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China rate cut boosts miners

[LONDON] Shares in mining companies surged Friday after the world's second biggest economy China cut benchmark interest rates for the first time in more than two years to tackle slower growth.

Europe's leading stock markets were rising before the shock announcement - after European Central Bank President Mario Draghi said the ECB is ready to roll out new policy measures to ward off deflation in the euro area.

But the fact that the eurozone was seen as needing new stimulus weighed heavily on the euro, analysts said.

"What was initially looking like a quiet day for the financial markets... has become a lot more interesting thanks to some dovish sounding comments from European Central Bank President Mario Draghi and surprise stimulus from the People's Bank of China," said Craig Erlam, market analyst at Alpari traders.

In early afternoon trading London's benchmark FTSE 100 index was up 1.03 per cent at 6,747.06 points.

Frankfurt's DAX 30 surged 2.11 per cent to 9,684.17 points and the CAC 40 index in Paris rallied 2.19 per cent to stand at 4,327.06 compared with Thursday's closing value.

Miners were among the biggest risers in London, with Rio Tinto soaring 4.0 per cent to 2,981.5 pence. BHP Billiton and Anglo American won 3.67 per cent and 3.56 per cent respectively.

The People's Bank of China (PBoC) said it was slashing its one-year rate for deposits by 0.25 of a per centage point to 2.75 per cent and its one-year lending rate by 0.40 of a per centage point to 5.6 per cent.

In Europe, Mr Draghi told a banking congress on Friday that the ECB "will use all means available to us, within our mandate, to return inflation towards our objective - and without any undue delay".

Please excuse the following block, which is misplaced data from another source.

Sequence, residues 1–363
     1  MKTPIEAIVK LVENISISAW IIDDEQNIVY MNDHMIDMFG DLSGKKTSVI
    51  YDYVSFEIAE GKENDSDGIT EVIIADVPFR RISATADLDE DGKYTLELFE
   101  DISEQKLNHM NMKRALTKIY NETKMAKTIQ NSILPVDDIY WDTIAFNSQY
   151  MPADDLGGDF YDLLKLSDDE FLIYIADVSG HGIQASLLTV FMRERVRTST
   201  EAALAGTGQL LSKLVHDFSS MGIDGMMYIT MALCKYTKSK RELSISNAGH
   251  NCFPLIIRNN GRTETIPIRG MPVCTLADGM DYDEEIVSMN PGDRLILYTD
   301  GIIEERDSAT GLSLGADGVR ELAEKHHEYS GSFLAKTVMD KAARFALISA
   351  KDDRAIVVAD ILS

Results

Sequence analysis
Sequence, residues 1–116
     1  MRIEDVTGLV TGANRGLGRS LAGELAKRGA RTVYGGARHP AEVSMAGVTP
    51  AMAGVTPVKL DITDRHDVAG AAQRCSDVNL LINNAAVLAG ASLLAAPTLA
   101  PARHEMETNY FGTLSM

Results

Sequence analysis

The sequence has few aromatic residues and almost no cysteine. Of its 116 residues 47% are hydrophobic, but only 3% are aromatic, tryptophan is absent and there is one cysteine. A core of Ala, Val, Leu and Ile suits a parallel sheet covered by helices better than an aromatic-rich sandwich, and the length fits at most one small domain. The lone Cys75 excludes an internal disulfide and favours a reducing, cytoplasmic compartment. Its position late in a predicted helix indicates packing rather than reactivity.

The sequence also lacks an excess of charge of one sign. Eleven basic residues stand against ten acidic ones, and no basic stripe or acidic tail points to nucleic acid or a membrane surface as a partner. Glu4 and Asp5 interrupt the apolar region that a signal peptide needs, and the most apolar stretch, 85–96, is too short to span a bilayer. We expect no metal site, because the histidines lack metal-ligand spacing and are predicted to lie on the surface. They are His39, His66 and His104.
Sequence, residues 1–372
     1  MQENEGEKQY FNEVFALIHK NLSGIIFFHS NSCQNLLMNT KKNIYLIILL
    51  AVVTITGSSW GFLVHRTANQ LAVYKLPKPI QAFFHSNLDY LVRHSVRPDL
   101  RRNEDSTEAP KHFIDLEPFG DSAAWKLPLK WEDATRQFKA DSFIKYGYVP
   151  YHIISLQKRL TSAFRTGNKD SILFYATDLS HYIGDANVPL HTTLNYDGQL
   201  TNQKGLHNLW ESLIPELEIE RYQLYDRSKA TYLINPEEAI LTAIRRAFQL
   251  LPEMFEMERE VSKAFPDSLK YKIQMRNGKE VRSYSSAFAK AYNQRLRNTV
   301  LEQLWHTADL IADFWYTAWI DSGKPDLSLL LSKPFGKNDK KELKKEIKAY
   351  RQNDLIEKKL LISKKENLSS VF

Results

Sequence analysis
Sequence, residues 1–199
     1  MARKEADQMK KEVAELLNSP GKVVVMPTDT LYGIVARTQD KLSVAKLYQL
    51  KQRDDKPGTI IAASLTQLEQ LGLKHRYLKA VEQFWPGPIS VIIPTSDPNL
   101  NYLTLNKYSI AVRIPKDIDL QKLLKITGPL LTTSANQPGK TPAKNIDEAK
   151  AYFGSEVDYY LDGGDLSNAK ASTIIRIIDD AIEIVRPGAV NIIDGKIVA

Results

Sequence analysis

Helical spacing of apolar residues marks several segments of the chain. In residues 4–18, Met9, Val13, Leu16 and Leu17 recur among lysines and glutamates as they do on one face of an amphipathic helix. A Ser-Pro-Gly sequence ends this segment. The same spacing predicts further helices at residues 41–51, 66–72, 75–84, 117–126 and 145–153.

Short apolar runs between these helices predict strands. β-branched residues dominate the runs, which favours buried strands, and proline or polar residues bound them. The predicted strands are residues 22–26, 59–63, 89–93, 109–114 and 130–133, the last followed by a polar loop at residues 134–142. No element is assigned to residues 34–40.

In a bid to ward off deflation - a dangerous downward spiral of falling prices - in the single-currency bloc the ECB has cut its interest rates to all-time lows and embarked on a series of asset purchase programmes to pump liquidity into the financial system.

While on the surface falling prices seem attractive, they can in fact deter businesses and consumers from spending in the belief that goods and services will become even cheaper.

In foreign exchange on Friday, the European single currency dropped to US$1.2442 from US$1.2540 late in New York on Thursday.

The euro retreated "sharply on the back of Mr Draghi's comments as he once again sets the stage for a potential" announcement on stimulus, said Kathleen Brooks, analyst at trading group.

Elsewhere on Friday, shares in French firm Bouygues rallied after Altice, the parent company of cable operator Numericable, showed interest in its telecoms subsidiary, signalling another possible tie-up in France's mobile phone market.

Bouygues was up 3.52 per cent at 29.85 euros in Paris afternoon deals.